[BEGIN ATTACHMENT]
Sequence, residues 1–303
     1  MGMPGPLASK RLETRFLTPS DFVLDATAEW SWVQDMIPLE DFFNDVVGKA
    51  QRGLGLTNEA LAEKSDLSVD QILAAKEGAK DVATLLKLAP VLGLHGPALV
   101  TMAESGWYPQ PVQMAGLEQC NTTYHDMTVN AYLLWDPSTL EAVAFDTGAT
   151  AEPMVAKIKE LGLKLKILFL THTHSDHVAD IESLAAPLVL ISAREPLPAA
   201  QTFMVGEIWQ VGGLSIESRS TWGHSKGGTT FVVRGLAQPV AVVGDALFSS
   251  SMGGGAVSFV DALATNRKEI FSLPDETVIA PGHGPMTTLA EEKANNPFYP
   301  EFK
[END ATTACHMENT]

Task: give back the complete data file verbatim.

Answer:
Sequence, residues 1–303
     1  MGMPGPLASK RLETRFLTPS DFVLDATAEW SWVQDMIPLE DFFNDVVGKA
    51  QRGLGLTNEA LAEKSDLSVD QILAAKEGAK DVATLLKLAP VLGLHGPALV
   101  TMAESGWYPQ PVQMAGLEQC NTTYHDMTVN AYLLWDPSTL EAVAFDTGAT
   151  AEPMVAKIKE LGLKLKILFL THTHSDHVAD IESLAAPLVL ISAREPLPAA
   201  QTFMVGEIWQ VGGLSIESRS TWGHSKGGTT FVVRGLAQPV AVVGDALFSS
   251  SMGGGAVSFV DALATNRKEI FSLPDETVIA PGHGPMTTLA EEKANNPFYP
   301  EFK